• A Group of 12 students organized lectures, discussions, social events that were open to everyone

Canadian Lithuanian Students Association (CLSA) (G. Šernas, Pres.)

  • Established in 1953 – it was a first attempt to coalesce student activities
  • Chapters were established in Montreal, Toronto, and London
  • The Central executive’s mandate was:
    • to build membership by increasing contact with all the chapters as well as individual students
    • to establish statutes for the organization based on those of the Lithuanian Students Association in the United States
    • to give voice to Lithuanian students in the Lithuanian Canadian and Canadian communities

Canadian Lithuanian Youth Association bylaws, 1950’s
LMAC archives 675-D.1

CLSA Chapters started attracting new members.  Activities included maintaining the Lithuanian traditions of gatherings to mark “initium semestri” and “finis semestri”, organizing public lectures as well as social events that provided opportunities to promote and showcase rising new talents.

Independent Lithuania 1960.IX.21



Honey Harbour, Ontario, in the summer of 1955 was the scene of the first student conference/camp weekend organized by the Canadian Lithuanian Student Association (CLSA). Students from Toronto, Montreal, Ottawa, Detroit, Philadelphia, Boston, gathered to discuss issues, set guidelines for future activities and to strengthen personal and organizational ties.  B. Vaškelis was elected as the new President and outlined issues that needed attention:

  • CLSA activities are not engaging people enough. There is little sharing of information and activities are too localized.  This results in low interest and lack of enthusiasm to join or to participate.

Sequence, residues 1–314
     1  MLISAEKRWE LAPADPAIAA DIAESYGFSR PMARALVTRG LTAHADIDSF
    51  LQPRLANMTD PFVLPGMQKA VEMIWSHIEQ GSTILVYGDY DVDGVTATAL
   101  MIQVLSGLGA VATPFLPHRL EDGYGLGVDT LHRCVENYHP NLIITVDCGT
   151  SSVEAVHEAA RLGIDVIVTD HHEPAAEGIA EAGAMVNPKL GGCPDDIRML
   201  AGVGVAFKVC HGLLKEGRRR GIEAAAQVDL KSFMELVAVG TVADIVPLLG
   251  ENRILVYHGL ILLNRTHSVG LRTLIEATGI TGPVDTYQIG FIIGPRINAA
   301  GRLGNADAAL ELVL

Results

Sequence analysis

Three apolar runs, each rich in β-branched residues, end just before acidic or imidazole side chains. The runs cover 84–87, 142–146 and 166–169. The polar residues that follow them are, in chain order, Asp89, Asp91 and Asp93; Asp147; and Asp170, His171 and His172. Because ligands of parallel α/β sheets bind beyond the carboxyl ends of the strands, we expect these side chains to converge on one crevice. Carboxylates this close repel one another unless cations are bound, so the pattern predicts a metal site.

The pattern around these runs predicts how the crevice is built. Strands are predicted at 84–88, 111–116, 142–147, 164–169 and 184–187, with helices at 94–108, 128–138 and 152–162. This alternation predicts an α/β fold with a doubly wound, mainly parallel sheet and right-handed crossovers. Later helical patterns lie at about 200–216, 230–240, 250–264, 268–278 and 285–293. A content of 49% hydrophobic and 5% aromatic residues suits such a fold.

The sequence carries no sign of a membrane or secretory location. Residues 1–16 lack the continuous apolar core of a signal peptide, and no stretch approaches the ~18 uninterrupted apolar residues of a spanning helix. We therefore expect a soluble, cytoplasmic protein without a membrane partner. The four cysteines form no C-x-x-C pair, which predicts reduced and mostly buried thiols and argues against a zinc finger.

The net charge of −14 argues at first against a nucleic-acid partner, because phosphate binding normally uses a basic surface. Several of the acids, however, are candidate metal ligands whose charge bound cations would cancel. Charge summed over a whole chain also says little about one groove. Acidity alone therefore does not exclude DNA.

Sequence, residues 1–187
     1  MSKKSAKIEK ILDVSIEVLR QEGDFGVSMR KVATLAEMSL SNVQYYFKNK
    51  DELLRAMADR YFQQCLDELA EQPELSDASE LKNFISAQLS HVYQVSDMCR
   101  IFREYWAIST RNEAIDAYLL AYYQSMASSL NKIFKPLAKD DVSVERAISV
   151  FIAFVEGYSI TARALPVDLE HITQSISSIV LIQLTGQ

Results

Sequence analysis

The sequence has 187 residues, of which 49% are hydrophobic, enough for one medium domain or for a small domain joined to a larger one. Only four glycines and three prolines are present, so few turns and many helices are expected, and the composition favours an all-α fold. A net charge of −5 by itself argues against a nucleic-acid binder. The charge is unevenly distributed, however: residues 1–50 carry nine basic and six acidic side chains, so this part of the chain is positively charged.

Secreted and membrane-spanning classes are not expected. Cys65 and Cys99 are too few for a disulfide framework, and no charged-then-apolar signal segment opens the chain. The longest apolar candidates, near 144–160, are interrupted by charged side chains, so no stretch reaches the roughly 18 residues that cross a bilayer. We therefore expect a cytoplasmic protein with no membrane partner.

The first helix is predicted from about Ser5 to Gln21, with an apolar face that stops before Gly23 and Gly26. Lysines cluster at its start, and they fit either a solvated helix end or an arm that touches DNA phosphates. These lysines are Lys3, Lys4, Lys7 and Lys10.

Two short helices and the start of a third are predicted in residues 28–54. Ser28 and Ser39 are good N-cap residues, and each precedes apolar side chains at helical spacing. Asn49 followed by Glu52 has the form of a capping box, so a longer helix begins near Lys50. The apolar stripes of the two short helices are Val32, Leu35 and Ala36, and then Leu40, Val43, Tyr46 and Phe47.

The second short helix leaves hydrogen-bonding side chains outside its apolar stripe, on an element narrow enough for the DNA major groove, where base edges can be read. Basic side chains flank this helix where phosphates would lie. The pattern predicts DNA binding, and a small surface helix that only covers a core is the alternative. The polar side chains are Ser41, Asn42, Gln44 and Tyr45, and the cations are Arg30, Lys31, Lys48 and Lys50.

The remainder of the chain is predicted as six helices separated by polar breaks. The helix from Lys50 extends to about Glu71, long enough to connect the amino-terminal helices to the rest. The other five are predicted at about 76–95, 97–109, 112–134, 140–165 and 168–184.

• Generally, students are passive, immersed in studies and want to blend into their university communities.
  • To help solve these issues, we must: 1) elect enthusiastic people to lead the local chapters, 2) organize events and share information across chapters to broaden interest, and, 3) to establish a financial accountability mechanism at the central executive level of the CLSA.

Lights of Homeland 1955.VIII.18

The central executive of the CLSA worked in conjunction with the Lights of Homeland newspaper to establish a monthly column - “The Student’s Path” as a venue for expressing concerns, to share information and to answer questions of interest to students.  In addition, they kept close ties with the US Student’s Association and with their Latvian and Estonian counterparts.  In the 1950’s, the CLSA competed with other organizations to get the attention of students and for membership.  These included the ideological and cultural organizations:  Lithuanian Scouts and the Catholic Students Association “Ateitis”, as well as sports clubs and a variety of folk-dance groups and choirs.

Lights of Homeland 1955.II.10